Monticello may leave school lunch program
MONTICELLO — Imagine serving lunch and having nobody eat it.
That's what has the Monticello school district pondering a drop from the National School Lunch Program, at least for the high school cafeteria. School officials estimate it could net them $55,000 more annually than trying to meet new mandates going into effect on snack and a la carte items.
Superintendent Vic Zimmerman said the new federal rules could devastate current high school lunches, which generate about $180,000 per year in a la carte sales. The mandate is for healthier choices and smaller portions, but Aramark Food Services director Kari Perkins said it doesn't help anyone if students won't eat it.
"This (national school lunch guidelines) is a good plan, but at the end of the day kids aren't eating it," Perkins said. "I know the food is better for the kids — I get it — but the taste is going out the door."
Monticello has already implemented tactics to stem red ink that flowed to the tune of $100,000 last year in its food service budget, the majority of which entered the books because of new federal rules. The hiring of food management firm Aramark last summer is expected to cut into that deficit but district officials are concerned it could be negated by the new rules, especially at a high school that relies heavily on a la carte sales.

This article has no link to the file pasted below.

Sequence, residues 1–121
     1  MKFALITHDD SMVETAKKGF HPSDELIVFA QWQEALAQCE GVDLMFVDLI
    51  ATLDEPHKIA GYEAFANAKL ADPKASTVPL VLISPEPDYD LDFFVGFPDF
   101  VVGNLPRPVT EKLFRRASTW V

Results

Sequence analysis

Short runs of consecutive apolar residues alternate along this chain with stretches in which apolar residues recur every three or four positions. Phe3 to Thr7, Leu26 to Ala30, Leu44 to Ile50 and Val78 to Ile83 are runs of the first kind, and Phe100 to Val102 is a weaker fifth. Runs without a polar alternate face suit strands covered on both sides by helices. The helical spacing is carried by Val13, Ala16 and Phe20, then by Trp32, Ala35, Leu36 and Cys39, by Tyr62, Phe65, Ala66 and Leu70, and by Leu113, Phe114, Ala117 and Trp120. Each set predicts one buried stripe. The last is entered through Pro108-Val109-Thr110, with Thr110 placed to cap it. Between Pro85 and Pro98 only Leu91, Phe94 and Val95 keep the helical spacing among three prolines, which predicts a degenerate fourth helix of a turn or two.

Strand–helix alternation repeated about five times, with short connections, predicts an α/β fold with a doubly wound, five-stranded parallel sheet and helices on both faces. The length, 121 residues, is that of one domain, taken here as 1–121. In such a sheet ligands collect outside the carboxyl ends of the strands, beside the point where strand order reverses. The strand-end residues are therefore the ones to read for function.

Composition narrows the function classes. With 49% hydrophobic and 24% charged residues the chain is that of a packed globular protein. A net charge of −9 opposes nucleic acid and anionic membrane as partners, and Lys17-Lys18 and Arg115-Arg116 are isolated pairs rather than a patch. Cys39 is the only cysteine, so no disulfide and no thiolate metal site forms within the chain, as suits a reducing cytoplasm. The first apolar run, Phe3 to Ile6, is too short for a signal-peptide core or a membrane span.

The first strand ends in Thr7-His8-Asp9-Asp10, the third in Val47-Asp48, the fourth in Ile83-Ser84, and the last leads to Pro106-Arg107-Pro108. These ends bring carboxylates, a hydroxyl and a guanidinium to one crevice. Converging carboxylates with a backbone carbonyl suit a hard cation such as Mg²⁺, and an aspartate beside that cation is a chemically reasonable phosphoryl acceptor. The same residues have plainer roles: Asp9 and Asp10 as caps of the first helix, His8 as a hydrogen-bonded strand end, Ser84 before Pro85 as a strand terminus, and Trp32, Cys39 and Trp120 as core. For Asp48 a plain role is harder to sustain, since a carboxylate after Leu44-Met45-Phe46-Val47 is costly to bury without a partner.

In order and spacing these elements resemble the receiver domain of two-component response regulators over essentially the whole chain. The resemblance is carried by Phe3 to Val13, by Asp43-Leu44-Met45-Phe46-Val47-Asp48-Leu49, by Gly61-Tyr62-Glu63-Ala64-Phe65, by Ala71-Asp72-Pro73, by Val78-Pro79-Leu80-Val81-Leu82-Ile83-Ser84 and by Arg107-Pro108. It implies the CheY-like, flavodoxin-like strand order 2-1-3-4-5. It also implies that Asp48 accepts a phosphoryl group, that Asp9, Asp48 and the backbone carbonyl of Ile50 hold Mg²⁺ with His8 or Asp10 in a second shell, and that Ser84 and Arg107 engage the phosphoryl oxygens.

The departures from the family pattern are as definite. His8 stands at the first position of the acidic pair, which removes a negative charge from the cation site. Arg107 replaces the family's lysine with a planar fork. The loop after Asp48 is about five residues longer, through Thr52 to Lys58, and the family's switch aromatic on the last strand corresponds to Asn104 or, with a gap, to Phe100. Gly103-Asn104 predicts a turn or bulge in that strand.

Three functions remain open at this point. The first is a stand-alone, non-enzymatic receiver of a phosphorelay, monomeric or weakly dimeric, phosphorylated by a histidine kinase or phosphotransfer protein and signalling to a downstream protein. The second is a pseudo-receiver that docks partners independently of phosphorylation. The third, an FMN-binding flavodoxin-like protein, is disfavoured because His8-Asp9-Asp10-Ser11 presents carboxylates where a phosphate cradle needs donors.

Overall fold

Perkins estimated 95 percent of Aramark's a la carte items will no longer meet national regulations this fall.
Zimmerman suggests the school board consider taking Monticello High out of the National School Lunch Program. That way, the cafeteria would no longer be bound by the federal nutrition guidelines, which the superintendent hopes would keep sales close to the current level.
It would result in $35,000 less in federal reimbursements, but the hope is that would be more than offset by keeping sales up.
Perkins said Aramark already manages eight high schools that have made similar decisions.
But will the district still strive to serve healthy meals? That's the question of school board member Chris Carr.
"Are we going to be looking at ways that we can be creative and still be healthy, but healthy in things kids would eat?" Carr said.
Zimmerman responded: "It's not like we're throwing out all the healthy stuff. There will still be salads, still be wraps, still be opportunities."
The main reason Monticello can consider the move is because of its low percentage of free and reduced lunch recipients (currently 12 percent). That means it relies less on federal reimbursements than most school districts.
Zimmerman said the district may need to charge more per item if it leaves the federal program, but hopes larger portions for each item will mean similar overall meal prices for high school students.
Board members will continue to discuss the possibility in March.